By Betty Kirkpatrick
Time was when salads only made their appearance in summer. Now things have changed, and salads are an all-year round feature of menus. That is not the only thing that has changed – so has the very nature of salads.
A few decades ago the average salad in Scotland consisted of lettuce, tomatoes, often a hard-boiled egg, sliced and going slightly green, and a syboe or two. The average salad in England was much the same except that the syboe was called a spring onion. The more adventurous diner might add from a bottle a splodge of what was known as salad cream. This was the forerunner of the ubiquitous mayonnaise, frequently now shortened to mayo.
Now this traditional summer fare has been replaced with a dish of different kinds of lettuce and similar leafy vegetables, known in gourmet circles simply as leaves. At least this is a welcome relief from the tasteless iceberg lettuce. Less sophisticated salads, known as mixed salads, hark back somewhat to their progenitor and contain lettuce and tomatoes and a few slices of cucumber. Sometimes the syboe, which looks like a miniature leek, remains, but thankfully the greening egg is usually absent.
The ‘sy’ in syboe is pronounced to rhyme with the ‘si’ of side while the ‘boe’ is pronounced to rhyme with be or bay. If you have been unable to find it in some Scots dictionaries this is because it is often listed under its original spelling of sybow. Many Scots words have several alternative spellings, and syboe is no exception. Two possible spellings, sybie and sybae, reflect the pronunciation.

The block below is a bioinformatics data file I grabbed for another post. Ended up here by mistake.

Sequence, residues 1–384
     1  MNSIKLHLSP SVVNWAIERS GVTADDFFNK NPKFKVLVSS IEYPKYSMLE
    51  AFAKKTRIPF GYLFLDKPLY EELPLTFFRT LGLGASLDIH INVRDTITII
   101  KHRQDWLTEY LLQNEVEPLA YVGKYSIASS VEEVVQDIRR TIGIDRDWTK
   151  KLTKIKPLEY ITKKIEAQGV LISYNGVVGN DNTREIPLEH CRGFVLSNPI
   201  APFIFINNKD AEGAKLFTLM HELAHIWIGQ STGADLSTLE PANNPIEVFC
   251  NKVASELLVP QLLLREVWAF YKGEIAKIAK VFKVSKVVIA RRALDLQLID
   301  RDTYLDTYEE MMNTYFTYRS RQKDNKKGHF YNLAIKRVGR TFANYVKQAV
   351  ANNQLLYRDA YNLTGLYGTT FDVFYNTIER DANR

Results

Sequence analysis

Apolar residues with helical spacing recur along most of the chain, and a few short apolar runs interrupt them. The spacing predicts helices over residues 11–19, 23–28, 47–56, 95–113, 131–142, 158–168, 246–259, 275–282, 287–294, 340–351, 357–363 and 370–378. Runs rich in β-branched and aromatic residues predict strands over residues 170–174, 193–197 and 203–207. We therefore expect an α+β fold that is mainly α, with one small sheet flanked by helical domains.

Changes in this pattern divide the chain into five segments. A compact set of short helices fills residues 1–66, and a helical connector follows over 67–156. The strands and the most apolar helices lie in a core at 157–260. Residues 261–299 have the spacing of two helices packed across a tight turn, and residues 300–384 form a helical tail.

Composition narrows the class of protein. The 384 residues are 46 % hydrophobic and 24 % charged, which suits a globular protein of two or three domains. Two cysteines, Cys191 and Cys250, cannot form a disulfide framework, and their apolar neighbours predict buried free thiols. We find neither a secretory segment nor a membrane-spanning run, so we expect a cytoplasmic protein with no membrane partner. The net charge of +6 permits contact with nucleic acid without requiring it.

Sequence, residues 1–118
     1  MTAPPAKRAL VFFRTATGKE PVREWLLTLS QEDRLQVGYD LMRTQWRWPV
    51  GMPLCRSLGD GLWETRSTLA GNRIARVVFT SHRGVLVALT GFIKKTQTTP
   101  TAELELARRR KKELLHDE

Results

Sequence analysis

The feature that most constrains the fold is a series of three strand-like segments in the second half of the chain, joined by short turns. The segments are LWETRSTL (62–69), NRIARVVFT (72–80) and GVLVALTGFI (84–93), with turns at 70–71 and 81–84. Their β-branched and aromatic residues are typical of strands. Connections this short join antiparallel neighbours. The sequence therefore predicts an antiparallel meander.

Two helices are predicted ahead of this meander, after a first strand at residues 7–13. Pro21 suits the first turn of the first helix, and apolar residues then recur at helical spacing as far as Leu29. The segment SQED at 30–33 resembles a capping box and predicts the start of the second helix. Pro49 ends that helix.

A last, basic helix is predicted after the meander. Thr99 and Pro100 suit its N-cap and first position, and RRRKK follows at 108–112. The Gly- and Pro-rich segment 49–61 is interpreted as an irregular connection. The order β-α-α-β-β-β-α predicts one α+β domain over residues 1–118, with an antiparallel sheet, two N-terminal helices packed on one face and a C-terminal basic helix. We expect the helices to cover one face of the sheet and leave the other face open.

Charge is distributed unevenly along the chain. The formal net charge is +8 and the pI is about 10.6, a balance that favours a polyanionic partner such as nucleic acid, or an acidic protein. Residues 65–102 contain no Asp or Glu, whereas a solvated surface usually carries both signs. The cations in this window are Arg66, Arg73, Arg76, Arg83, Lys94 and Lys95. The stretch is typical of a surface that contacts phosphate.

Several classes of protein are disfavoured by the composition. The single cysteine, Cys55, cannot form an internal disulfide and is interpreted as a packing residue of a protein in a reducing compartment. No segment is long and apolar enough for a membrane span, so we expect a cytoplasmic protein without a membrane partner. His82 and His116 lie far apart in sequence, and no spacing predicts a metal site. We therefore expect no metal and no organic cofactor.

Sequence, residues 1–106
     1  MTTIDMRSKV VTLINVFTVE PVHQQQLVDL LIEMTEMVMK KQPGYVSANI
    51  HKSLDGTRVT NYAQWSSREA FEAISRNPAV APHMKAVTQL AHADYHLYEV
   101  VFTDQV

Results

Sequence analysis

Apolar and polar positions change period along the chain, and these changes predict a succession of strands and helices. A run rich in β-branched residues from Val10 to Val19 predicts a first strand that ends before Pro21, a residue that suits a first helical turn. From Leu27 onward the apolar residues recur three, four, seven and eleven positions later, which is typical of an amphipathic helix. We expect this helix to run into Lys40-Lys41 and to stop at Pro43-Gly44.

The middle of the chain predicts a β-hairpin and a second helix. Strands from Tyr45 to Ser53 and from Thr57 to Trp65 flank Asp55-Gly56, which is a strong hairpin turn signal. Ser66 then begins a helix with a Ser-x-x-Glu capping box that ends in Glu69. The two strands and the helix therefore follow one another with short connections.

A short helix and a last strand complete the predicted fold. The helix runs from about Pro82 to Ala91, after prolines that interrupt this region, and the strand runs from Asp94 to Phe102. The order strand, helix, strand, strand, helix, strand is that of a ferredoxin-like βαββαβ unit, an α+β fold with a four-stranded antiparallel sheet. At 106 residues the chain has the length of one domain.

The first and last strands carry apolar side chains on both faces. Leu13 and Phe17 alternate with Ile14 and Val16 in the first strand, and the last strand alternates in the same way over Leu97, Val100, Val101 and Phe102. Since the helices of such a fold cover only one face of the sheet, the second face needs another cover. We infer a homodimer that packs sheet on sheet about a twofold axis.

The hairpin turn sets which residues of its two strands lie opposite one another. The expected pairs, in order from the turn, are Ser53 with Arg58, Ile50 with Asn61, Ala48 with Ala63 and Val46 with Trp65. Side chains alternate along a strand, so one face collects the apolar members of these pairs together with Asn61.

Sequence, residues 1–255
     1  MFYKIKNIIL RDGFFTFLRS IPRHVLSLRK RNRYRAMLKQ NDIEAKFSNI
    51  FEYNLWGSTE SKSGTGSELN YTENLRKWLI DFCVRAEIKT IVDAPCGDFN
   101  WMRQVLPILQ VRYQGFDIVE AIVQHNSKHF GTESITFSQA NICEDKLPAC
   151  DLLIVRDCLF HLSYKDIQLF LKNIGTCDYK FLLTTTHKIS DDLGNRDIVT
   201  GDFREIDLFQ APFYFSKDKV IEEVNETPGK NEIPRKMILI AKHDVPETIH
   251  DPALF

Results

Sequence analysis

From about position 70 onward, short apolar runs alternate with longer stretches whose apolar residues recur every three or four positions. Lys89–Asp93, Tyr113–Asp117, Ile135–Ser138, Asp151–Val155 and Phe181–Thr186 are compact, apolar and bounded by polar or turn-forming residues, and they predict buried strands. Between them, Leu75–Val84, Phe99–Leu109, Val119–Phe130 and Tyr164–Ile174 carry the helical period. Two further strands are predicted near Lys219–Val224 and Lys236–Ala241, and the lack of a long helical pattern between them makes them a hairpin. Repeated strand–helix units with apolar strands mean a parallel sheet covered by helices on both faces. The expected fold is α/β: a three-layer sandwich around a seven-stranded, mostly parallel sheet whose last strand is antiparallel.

In relatively recent years I have occasionally seen syboes listed for sale in a shop window. The owners have had the usual problem with the apostrophe and the word has been spelt syboe’s.
Syboe has its linguistic origins in an onion. The word siboe is a reminder of our French connections, being derived from the French word ciboule, an onion. This, turn is derived from Latino cepula, a little onion.
Inevitably, problems are encountered when you use the word syboe to people who have no knowledge of the Scots language. The problems are even greater with speakers of American English. Not only do they not know what a syboe is, they might not know what a spring onion is. They tend to call this either a green onion or a scallion.
Scallion can cause further problems since a scallion can also be a shallot. I don’t know my onions and so I will not pursue this any further.
Betty Kirkpatrick is the former editor of several classic reference books, including Chambers Twentieth Century Dictionary and Roget’s Thesaurus. She is also the author of several smaller language reference books, including The Usual Suspects and Other Clichés published by Bloomsbury, and a series of Scots titles, including Scottish Words and Phrases, Scottish Quotations, and Great Scots, published by Crombie Jardine.